Dear Rae: What’s Dual Diagnosis? Is That What I Have?
Dear Rae: I am researching rehabs for my depression, and I also have a drinking problem. I keep reading about dual diagnosis and co-occurring disorders. Is that what I have? N.K.
“Dual diagnosis” and “co-occurring disorders” are both terms that refer to someone who experiences a mental illness and a substance use disorder (SUD) simultaneously. Either disorder, SUD or mental illness, can develop initially and even cause the other disorder to develop or worsen.
Dual Diagnosis and Co-Occurring Disorders …
You are not alone. Some of the most common co-occurring mental health disorders found in those with SUDs are mood and anxiety disorders. These include depression and bi-polar disorders (mood related), and post-traumatic stress disorder (PTSD) and trauma (anxiety related). In fact, about 20 percent of Americans with an anxiety or mood disorder also have a substance use disorder. And about 20 percent of those with a substance use problem also have a mood disorder, depression or other mental health challenges.
When high anxiety strikes, you might self-medicate with alcohol to ease the pain. Self-medication is common and defined by the use of drugs or other substances to treat self-recognized or self-diagnosed mental health issues.The substance may feel like it’s helping at first, but it’s a vicious cycle, not an end solution.
What’s more, those who have experienced PTSD and trauma can have a lower than normal baseline of dopamine. This makes them more susceptible to substance use, misuse and dependence because the substance creates a feeling of “normalcy.”
Treatment for Dual Diagnosis
Now, to answer your question: Is that what I have? A more thorough assessment would have to be performed. An assessment is used to diagnose and develop specific treatment recommendations. And a co-occurring disorder can be difficult to diagnose, because symptoms of substance dependence can mask symptoms of mental illness.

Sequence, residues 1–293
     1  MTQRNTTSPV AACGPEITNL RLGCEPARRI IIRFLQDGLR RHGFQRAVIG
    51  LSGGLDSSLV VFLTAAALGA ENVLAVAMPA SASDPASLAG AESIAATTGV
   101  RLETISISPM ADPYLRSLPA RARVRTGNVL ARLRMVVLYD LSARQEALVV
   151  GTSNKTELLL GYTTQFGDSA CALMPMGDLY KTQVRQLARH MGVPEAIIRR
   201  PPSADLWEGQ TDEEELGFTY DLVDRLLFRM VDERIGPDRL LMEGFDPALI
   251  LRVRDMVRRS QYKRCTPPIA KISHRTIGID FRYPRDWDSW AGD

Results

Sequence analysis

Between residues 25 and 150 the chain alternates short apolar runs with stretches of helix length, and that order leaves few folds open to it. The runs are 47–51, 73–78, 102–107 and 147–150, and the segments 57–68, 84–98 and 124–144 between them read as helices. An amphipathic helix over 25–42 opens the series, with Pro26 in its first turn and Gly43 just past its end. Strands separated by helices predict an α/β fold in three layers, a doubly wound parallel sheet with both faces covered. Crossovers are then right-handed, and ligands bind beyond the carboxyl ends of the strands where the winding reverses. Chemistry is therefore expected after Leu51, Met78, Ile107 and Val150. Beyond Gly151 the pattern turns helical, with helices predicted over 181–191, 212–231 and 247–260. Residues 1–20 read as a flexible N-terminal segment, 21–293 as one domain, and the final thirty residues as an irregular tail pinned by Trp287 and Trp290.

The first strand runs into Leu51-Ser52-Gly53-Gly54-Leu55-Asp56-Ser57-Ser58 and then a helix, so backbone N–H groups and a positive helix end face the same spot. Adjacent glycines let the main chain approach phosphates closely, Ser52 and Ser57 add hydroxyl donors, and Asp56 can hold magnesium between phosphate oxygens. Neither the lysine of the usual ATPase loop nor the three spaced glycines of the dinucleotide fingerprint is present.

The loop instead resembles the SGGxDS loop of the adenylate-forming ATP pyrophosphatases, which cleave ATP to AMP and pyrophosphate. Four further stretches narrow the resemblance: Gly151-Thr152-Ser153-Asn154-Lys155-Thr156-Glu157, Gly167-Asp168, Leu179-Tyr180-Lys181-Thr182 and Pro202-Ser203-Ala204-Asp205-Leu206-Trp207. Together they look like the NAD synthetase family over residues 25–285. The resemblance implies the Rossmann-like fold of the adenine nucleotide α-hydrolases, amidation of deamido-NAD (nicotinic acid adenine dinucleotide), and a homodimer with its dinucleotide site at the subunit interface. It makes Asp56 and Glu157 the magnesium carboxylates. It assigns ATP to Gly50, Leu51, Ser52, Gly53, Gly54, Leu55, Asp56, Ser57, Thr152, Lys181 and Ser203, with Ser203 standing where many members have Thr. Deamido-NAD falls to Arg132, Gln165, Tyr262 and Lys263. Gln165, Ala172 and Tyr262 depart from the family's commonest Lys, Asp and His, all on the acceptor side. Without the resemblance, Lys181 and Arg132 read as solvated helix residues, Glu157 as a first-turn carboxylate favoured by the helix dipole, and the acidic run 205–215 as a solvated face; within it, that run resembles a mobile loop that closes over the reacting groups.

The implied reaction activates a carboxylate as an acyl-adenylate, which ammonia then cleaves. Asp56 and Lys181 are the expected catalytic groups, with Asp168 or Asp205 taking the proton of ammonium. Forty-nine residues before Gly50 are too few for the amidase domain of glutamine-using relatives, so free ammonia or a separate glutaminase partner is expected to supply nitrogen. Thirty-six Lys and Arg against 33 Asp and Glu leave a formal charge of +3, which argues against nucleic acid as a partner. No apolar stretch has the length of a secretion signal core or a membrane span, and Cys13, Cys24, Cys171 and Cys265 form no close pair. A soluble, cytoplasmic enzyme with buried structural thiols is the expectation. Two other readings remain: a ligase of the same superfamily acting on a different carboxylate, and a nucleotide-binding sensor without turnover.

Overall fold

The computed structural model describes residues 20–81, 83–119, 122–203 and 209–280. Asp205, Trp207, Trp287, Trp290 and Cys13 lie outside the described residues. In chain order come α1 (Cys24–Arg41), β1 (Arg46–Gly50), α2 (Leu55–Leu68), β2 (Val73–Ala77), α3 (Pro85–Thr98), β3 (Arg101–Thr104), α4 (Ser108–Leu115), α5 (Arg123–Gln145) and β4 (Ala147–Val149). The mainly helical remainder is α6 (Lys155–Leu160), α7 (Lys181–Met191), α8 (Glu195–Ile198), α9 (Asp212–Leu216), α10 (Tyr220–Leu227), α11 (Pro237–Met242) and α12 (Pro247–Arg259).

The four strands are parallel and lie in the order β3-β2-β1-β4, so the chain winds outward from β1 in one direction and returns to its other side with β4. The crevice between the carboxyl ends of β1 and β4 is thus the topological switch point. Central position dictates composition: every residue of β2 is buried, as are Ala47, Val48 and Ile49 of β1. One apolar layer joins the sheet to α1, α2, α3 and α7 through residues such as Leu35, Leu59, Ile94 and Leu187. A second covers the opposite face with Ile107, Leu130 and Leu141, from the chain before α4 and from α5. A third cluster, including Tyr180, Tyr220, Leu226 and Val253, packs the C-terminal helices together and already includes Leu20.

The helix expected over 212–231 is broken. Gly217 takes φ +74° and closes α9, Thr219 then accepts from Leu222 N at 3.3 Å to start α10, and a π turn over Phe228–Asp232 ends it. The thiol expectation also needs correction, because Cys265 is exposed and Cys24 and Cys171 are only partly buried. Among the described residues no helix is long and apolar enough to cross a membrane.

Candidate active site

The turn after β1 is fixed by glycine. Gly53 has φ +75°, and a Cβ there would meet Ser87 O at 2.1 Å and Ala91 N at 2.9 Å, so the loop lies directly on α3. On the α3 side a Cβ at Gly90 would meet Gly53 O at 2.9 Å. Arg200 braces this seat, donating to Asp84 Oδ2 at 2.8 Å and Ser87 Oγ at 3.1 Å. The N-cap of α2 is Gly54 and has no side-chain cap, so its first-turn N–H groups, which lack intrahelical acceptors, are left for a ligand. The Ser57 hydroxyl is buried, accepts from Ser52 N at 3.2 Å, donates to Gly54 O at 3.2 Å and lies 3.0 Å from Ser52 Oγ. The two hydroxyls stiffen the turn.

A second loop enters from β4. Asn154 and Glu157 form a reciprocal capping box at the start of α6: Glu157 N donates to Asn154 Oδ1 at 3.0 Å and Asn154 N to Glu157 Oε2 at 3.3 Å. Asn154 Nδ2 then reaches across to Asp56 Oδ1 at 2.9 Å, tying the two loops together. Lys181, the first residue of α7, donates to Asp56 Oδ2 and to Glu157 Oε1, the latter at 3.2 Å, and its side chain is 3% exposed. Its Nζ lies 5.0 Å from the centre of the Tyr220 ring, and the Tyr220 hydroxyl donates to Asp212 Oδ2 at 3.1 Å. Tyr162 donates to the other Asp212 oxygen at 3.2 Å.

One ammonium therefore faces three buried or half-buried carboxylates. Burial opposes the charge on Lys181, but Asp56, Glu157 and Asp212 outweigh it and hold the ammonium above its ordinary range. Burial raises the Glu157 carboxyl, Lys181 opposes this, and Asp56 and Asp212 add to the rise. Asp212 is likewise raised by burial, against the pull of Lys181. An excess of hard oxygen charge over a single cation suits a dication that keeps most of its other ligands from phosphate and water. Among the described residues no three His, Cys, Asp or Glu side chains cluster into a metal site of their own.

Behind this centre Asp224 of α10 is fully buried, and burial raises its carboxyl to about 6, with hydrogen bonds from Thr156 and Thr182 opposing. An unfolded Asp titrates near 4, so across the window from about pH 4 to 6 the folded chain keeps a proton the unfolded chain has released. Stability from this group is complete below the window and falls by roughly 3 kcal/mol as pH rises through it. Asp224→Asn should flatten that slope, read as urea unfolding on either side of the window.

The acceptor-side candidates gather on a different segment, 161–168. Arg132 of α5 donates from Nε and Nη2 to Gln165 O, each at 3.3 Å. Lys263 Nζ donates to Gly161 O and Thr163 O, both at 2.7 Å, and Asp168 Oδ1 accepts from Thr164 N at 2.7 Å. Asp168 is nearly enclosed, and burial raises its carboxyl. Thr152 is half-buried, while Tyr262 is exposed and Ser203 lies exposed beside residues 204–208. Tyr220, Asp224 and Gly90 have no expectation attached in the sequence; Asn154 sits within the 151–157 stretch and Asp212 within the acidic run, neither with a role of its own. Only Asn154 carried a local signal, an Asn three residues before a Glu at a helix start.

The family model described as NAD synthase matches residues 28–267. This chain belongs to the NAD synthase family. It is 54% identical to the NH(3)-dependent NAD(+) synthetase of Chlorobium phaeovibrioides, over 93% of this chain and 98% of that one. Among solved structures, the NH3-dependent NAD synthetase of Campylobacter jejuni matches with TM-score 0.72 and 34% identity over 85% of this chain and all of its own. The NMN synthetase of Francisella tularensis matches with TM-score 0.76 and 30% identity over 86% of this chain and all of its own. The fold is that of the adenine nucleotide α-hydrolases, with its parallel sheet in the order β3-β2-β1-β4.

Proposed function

But, the best treatment for dual diagnosis is an “integrated intervention”. This means you would receive care for both your diagnosed mental illness and SUD at the same time. Treatment is not the same for everyone. Individualized treatment includes detoxification; residential or intensive outpatient treatment; recovery support; psychotherapy; and medication can also be used as a tool.
You would be advised to seek help form a reputable therapist or addiction treatment center – specializing in working with co-occurring disorders. At Sanford, we treat the whole person in a comprehensive approach to wellness and recovery – addressing co-occurring conditions in one location (this is still an exception in most treatment settings). Research by the National Institute on Health states that an integrated approach will improve patient outcomes. Better outcomes include reduced substance use; decrease in legal and medical costs; improved mental health symptoms; job and relationship stability; and improved quality of life.
Think of this as a time for learning skills and receiving education rather than “fixing” something. We live in an idealized society and there can be a sense of shame for not feeling emotionally healthy. But seeking help in the form of therapy or treatment is not a sign of weakness. Rather a proactive indicator of strength to come.
Rae Green, JD, LPC, CAADC
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